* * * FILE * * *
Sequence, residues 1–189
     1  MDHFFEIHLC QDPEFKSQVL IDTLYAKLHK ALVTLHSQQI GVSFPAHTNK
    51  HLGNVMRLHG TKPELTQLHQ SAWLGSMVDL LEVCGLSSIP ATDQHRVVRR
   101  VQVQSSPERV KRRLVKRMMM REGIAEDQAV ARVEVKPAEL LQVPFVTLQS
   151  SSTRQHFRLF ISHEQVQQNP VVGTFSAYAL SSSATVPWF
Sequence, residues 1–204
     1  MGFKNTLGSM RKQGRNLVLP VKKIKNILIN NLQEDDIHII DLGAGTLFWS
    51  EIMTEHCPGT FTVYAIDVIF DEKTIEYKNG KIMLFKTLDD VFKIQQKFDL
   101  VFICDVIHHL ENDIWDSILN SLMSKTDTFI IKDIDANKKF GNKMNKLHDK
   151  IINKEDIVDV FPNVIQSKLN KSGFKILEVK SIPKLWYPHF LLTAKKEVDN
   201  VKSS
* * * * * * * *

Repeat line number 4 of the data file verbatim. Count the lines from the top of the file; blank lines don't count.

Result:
   101  VQVQSSPERV KRRLVKRMMM REGIAEDQAV ARVEVKPAEL LQVPFVTLQS